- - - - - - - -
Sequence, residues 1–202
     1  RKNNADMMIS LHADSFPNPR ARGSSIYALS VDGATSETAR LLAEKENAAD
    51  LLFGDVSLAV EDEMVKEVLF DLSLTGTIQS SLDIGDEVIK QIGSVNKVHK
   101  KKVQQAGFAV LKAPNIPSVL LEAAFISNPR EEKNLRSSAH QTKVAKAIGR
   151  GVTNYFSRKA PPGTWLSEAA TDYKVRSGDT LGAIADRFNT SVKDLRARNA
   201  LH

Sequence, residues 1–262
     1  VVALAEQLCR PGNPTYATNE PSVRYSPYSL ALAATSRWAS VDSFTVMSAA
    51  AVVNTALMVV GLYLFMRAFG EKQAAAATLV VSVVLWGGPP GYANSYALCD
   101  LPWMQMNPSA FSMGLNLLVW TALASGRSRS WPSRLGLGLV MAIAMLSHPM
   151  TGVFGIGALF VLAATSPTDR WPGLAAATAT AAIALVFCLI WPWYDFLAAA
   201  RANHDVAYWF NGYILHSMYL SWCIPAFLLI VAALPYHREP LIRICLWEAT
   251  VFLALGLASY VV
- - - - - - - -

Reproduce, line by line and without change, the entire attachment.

Sequence, residues 1–202
     1  RKNNADMMIS LHADSFPNPR ARGSSIYALS VDGATSETAR LLAEKENAAD
    51  LLFGDVSLAV EDEMVKEVLF DLSLTGTIQS SLDIGDEVIK QIGSVNKVHK
   101  KKVQQAGFAV LKAPNIPSVL LEAAFISNPR EEKNLRSSAH QTKVAKAIGR
   151  GVTNYFSRKA PPGTWLSEAA TDYKVRSGDT LGAIADRFNT SVKDLRARNA
   201  LH

Sequence, residues 1–262
     1  VVALAEQLCR PGNPTYATNE PSVRYSPYSL ALAATSRWAS VDSFTVMSAA
    51  AVVNTALMVV GLYLFMRAFG EKQAAAATLV VSVVLWGGPP GYANSYALCD
   101  LPWMQMNPSA FSMGLNLLVW TALASGRSRS WPSRLGLGLV MAIAMLSHPM
   151  TGVFGIGALF VLAATSPTDR WPGLAAATAT AAIALVFCLI WPWYDFLAAA
   201  RANHDVAYWF NGYILHSMYL SWCIPAFLLI VAALPYHREP LIRICLWEAT
   251  VFLALGLASY VV